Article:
Study design and population. From March 2017 to June 2017, enterostomy patients from the Coloplast Corp (Humlebaek, Denmark) Chinese database were invited to participate in the study. The company sent a study invitation letter and a link to complete an online questionnaire and patient consent form via the Wenjuanxing platform (www.wjx.cn), 1 of the largest online survey platforms in China. The 66 000 patients in the company’s database were from 22 provinces, 4 autonomous regions of ethnic minorities, and 4 directly controlled municipalities of China. The inclusion criteria for this study stipulated participants must be ≥18 years of age, have had surgery ≥1 month prior, have at least a primary school education, and be able to communicate in Chinese. Patients were excluded if they had a urostomy, a history of psychosis, cognitive impairment, and/or participation in other research programs. Patients who failed to answer at least 2 questions, provided wrong answers (eg, provided 2 responses to 1 question), or (because completion of the survey was expected 10 take 10 to 15 minutes) completed the questionnaire within 600 seconds were excluded.
The questionnaire was designed by the present researchers and had been preliminarily tested and improved in a study (unpublished) conducted in February 2017. In the preliminary study, 77 patients with colostomies were recruited from 3 hospitals in Beijing; 74 questionnaires were completed. The questionnaire was revised according to patient suggestions. To calculate the sample size for the current study, the standard deviation of the mean adjustment score was set to 10.25 ± 2.0, with a 2-sided α of 0.05 and β of 0.1. The sample size was estimated at 554.
The demographic characteristic variables collected included age, gender, employment (yes, no), educational level (≤9 years, >9 years), marital status (married, unmarried), medical payment method (self-paying, not self-paying), living status (live alone, not live alone), and residence area (urban, rural). Stoma-related data also were collected and included date of surgery, stoma siting before surgery (yes, no), type of ostomy appliance (1- or 2-piece), history of peristomal complications (yes, no), regular defecation (ie, whether the ostomate had a relatively fixed time of defecation and defecated 1 to 3 times every day after surgery; yes, no), stoma self-care ability (completely self-care, mostly self-care, relied mostly on others, relied completely on others), communication with medical staff regarding colostomy (never, sometimes [1 to 4 times per week], frequently [≥4 times per week]), level of understanding regarding stoma knowledge and care skills (complete, partly, do not understand [ie, ostomy patients do not understand knowledge and care skills for stoma at all]), when the patient learned how to change the ostomy appliance (before discharge, 1 week after discharge, other time), and stoma leakage during past 3 months (yes, no) (see Table 1). All data in the survey platform were kept anonymous; only core researchers in the current project had access to the data.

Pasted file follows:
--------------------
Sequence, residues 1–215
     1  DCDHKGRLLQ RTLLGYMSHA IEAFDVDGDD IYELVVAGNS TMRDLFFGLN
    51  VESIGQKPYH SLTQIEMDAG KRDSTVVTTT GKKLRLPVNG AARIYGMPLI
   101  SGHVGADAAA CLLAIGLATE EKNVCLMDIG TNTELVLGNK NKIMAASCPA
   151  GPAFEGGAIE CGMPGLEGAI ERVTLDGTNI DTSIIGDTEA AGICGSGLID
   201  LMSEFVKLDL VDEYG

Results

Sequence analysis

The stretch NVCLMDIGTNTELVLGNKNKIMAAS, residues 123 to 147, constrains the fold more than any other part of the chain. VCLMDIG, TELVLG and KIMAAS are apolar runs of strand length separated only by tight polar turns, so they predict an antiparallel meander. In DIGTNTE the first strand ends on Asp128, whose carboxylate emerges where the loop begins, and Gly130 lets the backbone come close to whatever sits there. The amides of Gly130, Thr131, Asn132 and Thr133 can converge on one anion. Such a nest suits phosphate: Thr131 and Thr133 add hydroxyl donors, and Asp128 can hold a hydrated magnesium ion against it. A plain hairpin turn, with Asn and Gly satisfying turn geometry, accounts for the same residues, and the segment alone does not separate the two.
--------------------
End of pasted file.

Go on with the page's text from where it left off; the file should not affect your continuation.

Social Support Revalued Scale (SSRS). Social support was assessed using the SSRS, which was formulated by Xiao and Yang21 in 1986. The 10-item SSRS evaluated 3 dimensions of social support: subjective support, objective support, and support utilization. Subjective support referred to how respected, supported, and understood the individual felt in his/her social context. Objective support referred to concrete support from society, such as financial support and support from a social network or organization. Support utilization was defined as how the individual used social support. The scoring system for the 10 items on the SSRS was as follows: items 1, 3, 4, and 5 represented subjective support; item 2 represented objective support; and items 8 through 10 represented social support. For items 1–4 and 8–10, there were 4 choices yielding scores of 1, 2, 3 and 4 (higher scores indicated more social support). For item 5 (which represented subjective support), there were 4 choices: A, no; B, very little; C, generally; D, all. These choices provided scores of 1, 2, 3, and 4, respectively. For items 6 (financial support) and 7 (psychological support), no source yielded a score of 0; if several sources of support were selected from a list of possible sources, a score commensurate with the number of sources selected was earned. The total SSRS score ranged from 11 to 60 points and was classified into 3 categories: low social support (<35 points), medium social support (35 to 47 points), and high social support (>47 points). The Cronbach α of the total scale was 0.896 and Cronbach α of the 3 dimensions were 0.849, 0.825, and 0.833, respectively.22